This article is part of the supplement: Machine Learning for Biomedical Literature Analysis and Text Retrieval
Building a biomedical tokenizer using the token lattice design pattern and the adapted Viterbi algorithm
Department of Computer Science, University of Victoria, Victoria, Canada
BMC Bioinformatics 2011, 12(Suppl 3):S1 doi:10.1186/1471-2105-12-S3-S1Published: 9 June 2011
Tokenization is an important component of language processing yet there is no widely accepted tokenization method for English texts, including biomedical texts. Other than rule based techniques, tokenization in the biomedical domain has been regarded as a classification task. Biomedical classifier-based tokenizers either split or join textual objects through classification to form tokens. The idiosyncratic nature of each biomedical tokenizer’s output complicates adoption and reuse. Furthermore, biomedical tokenizers generally lack guidance on how to apply an existing tokenizer to a new domain (subdomain). We identify and complete a novel tokenizer design pattern and suggest a systematic approach to tokenizer creation. We implement a tokenizer based on our design pattern that combines regular expressions and machine learning. Our machine learning approach differs from the previous split-join classification approaches. We evaluate our approach against three other tokenizers on the task of tokenizing biomedical text.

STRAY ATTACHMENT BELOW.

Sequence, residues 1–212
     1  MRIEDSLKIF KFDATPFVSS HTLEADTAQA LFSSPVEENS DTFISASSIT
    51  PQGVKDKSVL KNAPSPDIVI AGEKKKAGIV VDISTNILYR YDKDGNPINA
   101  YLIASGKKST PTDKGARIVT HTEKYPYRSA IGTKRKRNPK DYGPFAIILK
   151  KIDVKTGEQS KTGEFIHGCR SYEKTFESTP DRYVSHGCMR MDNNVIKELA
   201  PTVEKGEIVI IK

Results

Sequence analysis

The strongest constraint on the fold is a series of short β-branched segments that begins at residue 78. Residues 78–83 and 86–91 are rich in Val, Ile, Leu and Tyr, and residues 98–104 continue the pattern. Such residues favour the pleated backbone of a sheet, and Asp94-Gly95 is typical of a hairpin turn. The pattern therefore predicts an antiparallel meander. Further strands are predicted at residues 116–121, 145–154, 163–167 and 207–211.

Medpost and our adapted Viterbi tokenizer performed best with a 92.9% and 92.4% accuracy respectively.
Our evaluation of our design pattern and guidelines supports our claim that the design pattern and guidelines are a viable approach to tokenizer construction (producing tokenizers matching leading custom-built tokenizers in a particular domain). Our evaluation also demonstrates that ambiguous tokenizations can be disambiguated through POS tagging. In doing so, POS tag sequences and training data have a significant impact on proper text tokenization.